Looking for a dentist? You could use our database Reference USA or you could look at the database of dentists maintained by the Ohio State Dental Board at www.dental.ohio.gov. Click on "licensure verification." At the next screen you can check the licensing date, education, and area of practice of a particular dentist or you could generate a list of licensed dentists in a specific geographic area.
If you're tired of coping with endless phone trees, take a look at www.gethuman.com and see if the company you're trying to communicate with is listed. If it is, you'll find specific instructions to be able to talk to a human being. The companies are categorized. If you prefer to skim an alphabetical listing, click on "alphabetical listing for printing."
Don't let strangers read your mail!
Yahoo! Mail users are now offered the option to "Keep me signed in for 2 weeks unless I sign out." This can be a real problem for users of public PCs like those we offer at this library.
Unless you sign out of Yahoo! Mail, the next person to visit Yahoo! sitting at the same PC you used will find your account completely open!
Consumer Searches To Go is an information service of AARP. The site features categories of information with the general consumer in mind.
â€¢ Long-Term Care
For more specialized information on aging-related topics, try Ageline Search, which is geared more toward professionals than the general user.
Search engines come in many flavors, and offer different features. Which one is the best for you? The answer depends on your search.
This comparison chart showcases the different search functions of several search engines, definitions of terminology, and provides reviews.
Sometimes a great place to start a search is in a subject directory.
From the Website: "AskScott.com helps you find the most appropriate Internet reference tool for your search."
The site features search tools and databases for several categories of information, including:
- Family Issues
- News or stocks
- Research Assistance
- Government Information
- International Information
by Alan Furst, 2006
Carlo Weisz is an Italian journalist seeking refuge in Paris with other intellectuals fleeing Mussolini's fascist government. While working as a foreign correspondent for Reuters, he becomes the editor of an underground newspaper that hopes to keep the flames of resistance alive in both countries. His efforts not only place his own life in danger, but that of the German socialite and lover he is trying to save from the Nazis. This latest espionage novel by the author of Dark Voyage and Red Gold is once again filled with atmosphere, intrigue, and romance.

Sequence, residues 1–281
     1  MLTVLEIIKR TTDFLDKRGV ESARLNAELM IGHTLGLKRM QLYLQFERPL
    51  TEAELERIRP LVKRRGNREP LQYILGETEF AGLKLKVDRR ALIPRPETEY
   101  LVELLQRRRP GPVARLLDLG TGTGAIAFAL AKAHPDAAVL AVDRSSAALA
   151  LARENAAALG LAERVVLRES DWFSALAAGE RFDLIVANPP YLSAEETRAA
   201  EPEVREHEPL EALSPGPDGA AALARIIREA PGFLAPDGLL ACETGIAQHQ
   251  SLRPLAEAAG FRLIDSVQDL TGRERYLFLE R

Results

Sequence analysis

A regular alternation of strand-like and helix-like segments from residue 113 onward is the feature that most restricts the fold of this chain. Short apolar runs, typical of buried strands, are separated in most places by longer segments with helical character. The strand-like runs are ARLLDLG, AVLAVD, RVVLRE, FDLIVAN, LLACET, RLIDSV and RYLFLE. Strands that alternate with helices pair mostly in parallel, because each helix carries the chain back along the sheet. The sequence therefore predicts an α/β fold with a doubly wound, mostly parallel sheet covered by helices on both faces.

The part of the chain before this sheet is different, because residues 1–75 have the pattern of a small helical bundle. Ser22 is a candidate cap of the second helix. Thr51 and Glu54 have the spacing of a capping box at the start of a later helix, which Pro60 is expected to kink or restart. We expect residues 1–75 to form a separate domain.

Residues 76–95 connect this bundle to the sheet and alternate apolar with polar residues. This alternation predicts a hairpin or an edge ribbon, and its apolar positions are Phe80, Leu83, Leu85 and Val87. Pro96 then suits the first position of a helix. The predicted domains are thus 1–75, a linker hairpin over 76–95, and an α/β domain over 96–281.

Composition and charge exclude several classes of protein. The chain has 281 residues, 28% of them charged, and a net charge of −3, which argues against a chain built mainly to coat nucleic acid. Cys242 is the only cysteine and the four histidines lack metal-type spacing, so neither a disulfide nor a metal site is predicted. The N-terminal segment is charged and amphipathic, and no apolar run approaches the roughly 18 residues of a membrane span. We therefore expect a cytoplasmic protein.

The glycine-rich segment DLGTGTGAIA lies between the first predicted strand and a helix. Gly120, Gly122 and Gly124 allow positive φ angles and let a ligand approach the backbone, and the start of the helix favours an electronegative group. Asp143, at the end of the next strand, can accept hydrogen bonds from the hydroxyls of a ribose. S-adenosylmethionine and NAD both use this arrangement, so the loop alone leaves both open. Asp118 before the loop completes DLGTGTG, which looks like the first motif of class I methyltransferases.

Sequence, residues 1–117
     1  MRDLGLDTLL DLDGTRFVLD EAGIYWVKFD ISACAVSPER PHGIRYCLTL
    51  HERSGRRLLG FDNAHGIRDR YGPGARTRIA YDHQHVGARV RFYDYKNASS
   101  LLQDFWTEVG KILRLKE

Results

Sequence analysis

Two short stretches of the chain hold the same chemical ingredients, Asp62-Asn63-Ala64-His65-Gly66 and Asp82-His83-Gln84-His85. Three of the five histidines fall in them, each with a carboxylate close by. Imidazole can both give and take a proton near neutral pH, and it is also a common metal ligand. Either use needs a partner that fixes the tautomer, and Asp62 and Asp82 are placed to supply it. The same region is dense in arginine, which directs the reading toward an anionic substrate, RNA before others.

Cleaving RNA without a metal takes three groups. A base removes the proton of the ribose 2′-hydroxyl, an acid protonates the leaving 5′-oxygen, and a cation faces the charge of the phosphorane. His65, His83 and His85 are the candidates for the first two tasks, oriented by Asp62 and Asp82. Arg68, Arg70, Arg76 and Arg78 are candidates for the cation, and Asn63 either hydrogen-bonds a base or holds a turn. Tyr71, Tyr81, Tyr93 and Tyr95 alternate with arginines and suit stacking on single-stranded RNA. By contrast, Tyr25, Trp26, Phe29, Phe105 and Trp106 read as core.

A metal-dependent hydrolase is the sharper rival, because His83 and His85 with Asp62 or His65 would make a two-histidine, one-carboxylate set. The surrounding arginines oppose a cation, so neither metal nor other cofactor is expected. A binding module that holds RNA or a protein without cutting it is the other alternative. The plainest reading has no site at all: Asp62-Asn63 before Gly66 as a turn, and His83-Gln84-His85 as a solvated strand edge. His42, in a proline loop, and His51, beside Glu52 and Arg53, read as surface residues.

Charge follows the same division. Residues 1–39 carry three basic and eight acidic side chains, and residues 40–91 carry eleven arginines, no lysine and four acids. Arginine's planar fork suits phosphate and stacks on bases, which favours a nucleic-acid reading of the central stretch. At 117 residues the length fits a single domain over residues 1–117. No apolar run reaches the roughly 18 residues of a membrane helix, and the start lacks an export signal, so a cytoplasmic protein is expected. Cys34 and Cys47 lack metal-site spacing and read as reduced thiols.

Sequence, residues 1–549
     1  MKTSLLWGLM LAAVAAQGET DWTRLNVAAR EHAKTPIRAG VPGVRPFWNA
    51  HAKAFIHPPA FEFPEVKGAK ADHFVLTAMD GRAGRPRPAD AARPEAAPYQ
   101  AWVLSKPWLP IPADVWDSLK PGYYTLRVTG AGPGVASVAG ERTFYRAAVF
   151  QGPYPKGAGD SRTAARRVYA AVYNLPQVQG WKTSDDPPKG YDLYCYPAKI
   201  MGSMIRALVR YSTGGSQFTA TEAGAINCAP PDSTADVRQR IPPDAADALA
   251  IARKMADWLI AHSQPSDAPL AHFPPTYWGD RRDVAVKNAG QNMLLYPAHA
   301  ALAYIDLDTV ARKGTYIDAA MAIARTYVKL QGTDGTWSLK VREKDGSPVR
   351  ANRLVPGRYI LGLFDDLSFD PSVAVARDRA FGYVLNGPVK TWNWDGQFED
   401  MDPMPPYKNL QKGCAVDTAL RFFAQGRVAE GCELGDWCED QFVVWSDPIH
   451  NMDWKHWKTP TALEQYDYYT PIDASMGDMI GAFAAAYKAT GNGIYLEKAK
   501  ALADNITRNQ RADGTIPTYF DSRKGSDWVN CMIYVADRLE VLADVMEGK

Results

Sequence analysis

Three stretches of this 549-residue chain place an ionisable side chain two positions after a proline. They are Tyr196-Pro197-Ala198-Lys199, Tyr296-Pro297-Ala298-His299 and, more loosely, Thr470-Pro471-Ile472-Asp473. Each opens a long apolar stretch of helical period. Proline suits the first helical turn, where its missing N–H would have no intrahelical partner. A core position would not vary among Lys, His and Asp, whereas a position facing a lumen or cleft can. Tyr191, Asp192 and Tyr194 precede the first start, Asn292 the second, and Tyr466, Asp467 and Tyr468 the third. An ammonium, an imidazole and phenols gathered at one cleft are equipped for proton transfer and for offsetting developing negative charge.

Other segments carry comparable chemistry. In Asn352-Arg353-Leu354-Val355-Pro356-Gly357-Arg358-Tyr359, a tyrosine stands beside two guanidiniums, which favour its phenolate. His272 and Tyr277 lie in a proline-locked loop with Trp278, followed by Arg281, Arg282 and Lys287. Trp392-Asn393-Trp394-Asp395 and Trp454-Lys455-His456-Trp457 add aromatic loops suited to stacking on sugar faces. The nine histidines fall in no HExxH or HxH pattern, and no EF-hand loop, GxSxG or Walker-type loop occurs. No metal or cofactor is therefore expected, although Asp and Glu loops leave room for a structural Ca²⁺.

There is a significant change this year in the beginning and ending times for Daylight Saving Time (DST) in the U.S. This may also affect your computer! While not expected to be as big a problem as the turn of the century "Y2K Bug," computer users may be perplexed or inconvenienced by the DST issue.
The U.S. Energy Policy Act of 2005, passed by the U.S. Congress, extended DST in the U.S. by approximately four weeks. As a result, beginning in this year, DST will start three weeks earlier --on March 11, 2007-- and end one week later --on November 4, 2007-- resulting in a new DST period that is four weeks longer than previously observed.
Once in a while we happen across a Web site that offers a new perspective on our world. Ten by Ten is one of those sites.
The creators of 10x10 explain their creation better than I can, "10x10â„¢ ('ten by ten') is an interactive exploration of the words and pictures that define the time. The result is an often moving, sometimes shocking, occasionally frivolous, but always fitting snapshot of our world. Every hour, 10x10 collects the 100 words and pictures that matter most on a global scale, and presents them as a single image, taken to encapsulate that moment in time. Over the course of days, months, and years, 10x10 leaves a trail of these hourly statements which, stitched together side by side, form a continuous patchwork tapestry of human life."
Did you ever hear the old expression about digging a hole so deep you wind up in China? If you could dig all the way straight through the center of the Earth... where would you really wind up?
To answer that burning question, some folks have created a Web site that lets you select a place anywhere on the face of the Earth for digging. Double-click on the map at that point and click "Dig Here." The site will then show you where you'd wind up if you could dig straight on through.